- WSJ reported that Sessions confronted the Chinese delegation over allegations that potentially China-linked hackers had targeted the Hudson Institute website. Hudson also postponed or cancelled an event with Guo Wengui, a Chinese billionaire whom the Chinese government views as a fugitive and has been circulating salacious but hard-to-verify allegations of high-level corruption in the Chinese Communist Party.
- The State Department briefing on the day of the dialogue was overshadowed by the question of whether Secretary of State Rex Tillerson had called Trump a “moron,” so we don’t get more there.
TRADE + INVESTMENT
Asst USTR: U.S. objections to Chinese trade and investment practices go beyond WTO; 301 investigation hearing Tues.
- “A key challenge facing the United States — and other WTO members — is not only to hold China accountable for strict adherence to its WTO obligations, but also to find effective ways to address those government policies and practices that may violate the spirit of the WTO but nevertheless may not fall squarely within existing WTO disciplines,” Acting Assistant U.S. Trade Representative for China Affairs Terrence McCartin said at a hearing, according to Politico. (Reuters attributed virtually the same comment to Assistant USTR Edward Gresser, so one of the two probably goofed.)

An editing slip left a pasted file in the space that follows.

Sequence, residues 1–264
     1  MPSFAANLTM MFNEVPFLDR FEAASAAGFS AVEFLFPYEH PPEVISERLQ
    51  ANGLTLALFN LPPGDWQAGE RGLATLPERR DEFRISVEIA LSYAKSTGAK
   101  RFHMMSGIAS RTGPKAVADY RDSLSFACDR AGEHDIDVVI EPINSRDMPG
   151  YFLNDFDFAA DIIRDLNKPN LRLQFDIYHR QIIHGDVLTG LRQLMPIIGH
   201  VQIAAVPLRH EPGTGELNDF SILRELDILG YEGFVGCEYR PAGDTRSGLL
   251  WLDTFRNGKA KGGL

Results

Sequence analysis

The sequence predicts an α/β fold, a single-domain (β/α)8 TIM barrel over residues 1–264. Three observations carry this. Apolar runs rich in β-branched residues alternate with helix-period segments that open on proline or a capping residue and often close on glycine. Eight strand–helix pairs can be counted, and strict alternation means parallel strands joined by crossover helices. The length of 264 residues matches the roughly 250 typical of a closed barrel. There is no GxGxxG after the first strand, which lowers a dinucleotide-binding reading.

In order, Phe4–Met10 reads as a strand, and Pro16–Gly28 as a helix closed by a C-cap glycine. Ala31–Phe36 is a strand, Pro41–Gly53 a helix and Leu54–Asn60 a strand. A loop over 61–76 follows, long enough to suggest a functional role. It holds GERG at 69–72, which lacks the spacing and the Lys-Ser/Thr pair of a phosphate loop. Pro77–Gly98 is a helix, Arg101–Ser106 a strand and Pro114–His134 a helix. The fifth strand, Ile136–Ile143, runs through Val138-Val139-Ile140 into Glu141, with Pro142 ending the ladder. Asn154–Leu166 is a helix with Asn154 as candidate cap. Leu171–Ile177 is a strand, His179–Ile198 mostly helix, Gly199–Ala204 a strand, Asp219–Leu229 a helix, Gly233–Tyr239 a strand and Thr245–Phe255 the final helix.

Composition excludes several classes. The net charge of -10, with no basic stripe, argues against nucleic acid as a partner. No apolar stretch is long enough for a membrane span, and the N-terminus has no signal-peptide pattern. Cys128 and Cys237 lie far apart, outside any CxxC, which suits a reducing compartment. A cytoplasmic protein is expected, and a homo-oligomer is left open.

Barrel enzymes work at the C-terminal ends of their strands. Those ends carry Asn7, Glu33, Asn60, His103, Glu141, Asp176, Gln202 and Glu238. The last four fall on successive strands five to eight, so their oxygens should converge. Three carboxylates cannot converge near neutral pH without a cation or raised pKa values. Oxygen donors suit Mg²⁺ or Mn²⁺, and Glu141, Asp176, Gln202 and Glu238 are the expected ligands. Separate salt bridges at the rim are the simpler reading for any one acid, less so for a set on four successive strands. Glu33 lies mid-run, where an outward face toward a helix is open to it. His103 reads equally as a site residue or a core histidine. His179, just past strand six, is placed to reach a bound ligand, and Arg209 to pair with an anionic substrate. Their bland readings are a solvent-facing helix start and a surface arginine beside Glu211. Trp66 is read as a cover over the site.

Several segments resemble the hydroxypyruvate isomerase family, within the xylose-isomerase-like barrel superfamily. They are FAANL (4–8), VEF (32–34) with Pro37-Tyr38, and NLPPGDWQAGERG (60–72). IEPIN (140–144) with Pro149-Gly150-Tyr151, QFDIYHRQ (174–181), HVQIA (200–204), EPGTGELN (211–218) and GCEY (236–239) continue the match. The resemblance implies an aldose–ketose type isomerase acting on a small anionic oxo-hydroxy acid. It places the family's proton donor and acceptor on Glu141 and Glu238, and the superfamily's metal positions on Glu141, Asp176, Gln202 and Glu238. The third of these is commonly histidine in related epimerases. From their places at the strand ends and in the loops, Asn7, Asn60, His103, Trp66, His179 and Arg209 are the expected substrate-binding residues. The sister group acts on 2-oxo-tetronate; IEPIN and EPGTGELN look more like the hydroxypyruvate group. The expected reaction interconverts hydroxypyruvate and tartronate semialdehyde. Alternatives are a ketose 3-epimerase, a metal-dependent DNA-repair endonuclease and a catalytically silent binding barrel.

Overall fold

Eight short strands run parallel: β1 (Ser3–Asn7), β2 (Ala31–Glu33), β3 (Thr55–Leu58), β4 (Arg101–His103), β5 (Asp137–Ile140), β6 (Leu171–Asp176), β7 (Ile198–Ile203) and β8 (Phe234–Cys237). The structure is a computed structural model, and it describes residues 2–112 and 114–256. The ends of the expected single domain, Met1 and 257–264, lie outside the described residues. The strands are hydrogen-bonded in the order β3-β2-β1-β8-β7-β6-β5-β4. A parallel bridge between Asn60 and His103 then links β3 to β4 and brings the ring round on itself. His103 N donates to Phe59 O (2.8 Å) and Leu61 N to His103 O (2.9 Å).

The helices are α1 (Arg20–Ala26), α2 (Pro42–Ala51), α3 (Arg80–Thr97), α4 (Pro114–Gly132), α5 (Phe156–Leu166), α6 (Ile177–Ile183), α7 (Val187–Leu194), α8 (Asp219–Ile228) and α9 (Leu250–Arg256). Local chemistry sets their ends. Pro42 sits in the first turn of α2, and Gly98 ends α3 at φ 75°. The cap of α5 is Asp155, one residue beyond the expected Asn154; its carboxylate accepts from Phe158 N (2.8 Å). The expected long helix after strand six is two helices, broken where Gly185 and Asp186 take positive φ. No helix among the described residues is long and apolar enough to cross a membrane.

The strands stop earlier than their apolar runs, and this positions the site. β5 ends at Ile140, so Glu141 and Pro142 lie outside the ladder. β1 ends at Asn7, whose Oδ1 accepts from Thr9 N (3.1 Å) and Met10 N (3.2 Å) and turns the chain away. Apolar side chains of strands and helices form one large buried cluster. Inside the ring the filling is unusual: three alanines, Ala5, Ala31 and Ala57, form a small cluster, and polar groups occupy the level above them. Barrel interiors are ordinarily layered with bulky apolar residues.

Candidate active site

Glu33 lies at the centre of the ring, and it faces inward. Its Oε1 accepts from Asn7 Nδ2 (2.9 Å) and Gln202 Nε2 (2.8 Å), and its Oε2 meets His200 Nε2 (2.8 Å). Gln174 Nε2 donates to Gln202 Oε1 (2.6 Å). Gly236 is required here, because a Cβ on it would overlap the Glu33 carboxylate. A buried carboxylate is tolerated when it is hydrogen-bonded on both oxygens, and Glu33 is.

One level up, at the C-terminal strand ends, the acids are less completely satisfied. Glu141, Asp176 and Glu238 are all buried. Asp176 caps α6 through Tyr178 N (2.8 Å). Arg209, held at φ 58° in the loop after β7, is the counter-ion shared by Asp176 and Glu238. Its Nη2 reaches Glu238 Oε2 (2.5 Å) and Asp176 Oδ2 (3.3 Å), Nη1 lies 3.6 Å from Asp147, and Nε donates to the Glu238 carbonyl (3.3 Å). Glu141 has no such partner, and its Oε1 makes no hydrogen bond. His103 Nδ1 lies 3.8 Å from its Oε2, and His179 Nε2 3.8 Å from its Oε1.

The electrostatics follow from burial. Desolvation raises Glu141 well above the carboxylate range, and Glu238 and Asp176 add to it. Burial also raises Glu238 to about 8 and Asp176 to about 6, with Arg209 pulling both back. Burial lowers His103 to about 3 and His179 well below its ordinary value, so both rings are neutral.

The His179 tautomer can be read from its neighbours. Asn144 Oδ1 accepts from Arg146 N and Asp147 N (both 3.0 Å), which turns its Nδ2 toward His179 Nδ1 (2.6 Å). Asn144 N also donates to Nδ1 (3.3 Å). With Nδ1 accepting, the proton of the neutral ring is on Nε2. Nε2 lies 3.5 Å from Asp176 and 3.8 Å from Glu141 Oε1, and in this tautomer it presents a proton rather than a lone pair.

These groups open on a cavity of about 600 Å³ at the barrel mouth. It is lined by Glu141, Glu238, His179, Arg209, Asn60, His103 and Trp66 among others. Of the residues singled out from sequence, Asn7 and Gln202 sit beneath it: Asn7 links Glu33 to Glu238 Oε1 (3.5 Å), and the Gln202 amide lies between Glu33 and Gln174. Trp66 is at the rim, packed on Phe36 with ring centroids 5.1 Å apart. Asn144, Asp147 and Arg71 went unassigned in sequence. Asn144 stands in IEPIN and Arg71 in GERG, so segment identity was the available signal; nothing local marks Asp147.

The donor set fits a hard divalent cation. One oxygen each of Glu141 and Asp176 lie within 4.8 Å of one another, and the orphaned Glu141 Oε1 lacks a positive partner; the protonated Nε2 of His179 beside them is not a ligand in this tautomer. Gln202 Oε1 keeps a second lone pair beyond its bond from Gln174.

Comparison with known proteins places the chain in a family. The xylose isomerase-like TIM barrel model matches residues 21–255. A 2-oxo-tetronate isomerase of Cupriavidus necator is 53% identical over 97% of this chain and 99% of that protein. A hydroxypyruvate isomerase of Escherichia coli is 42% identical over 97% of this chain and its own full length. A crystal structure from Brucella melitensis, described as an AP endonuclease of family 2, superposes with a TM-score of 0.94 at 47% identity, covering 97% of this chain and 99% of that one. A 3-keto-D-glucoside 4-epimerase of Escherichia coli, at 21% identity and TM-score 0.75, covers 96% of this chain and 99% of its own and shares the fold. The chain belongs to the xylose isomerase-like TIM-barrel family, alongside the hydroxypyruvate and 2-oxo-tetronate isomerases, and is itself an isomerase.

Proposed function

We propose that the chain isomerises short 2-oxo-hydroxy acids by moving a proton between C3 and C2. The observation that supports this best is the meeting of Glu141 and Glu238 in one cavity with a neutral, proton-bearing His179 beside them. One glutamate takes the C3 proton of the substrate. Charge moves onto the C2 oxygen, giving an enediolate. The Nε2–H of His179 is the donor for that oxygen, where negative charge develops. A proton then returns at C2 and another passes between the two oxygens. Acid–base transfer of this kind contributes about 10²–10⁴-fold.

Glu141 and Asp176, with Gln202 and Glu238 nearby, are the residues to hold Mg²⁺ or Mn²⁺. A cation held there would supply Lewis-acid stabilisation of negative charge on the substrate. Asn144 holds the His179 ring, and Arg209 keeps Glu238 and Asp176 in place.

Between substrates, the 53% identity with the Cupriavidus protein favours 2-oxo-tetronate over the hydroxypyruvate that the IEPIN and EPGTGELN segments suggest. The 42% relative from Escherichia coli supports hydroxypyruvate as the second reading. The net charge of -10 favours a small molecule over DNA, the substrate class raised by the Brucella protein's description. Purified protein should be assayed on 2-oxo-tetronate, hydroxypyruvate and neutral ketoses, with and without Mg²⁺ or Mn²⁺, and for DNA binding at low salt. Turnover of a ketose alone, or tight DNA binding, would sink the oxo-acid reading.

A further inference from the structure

- Unless there has been a change, USTR’s hearing on the Section 301 investigation announced in August will take place tomorrow. You can view some public comment submissions, including from key industry groups and, for instance, Scott Kennedy of CSIS here (that is, if regulations.gov loads for you; it’s having trouble for me).
‘Washington: Johnson, de Gaulle and Mao Tse-tung’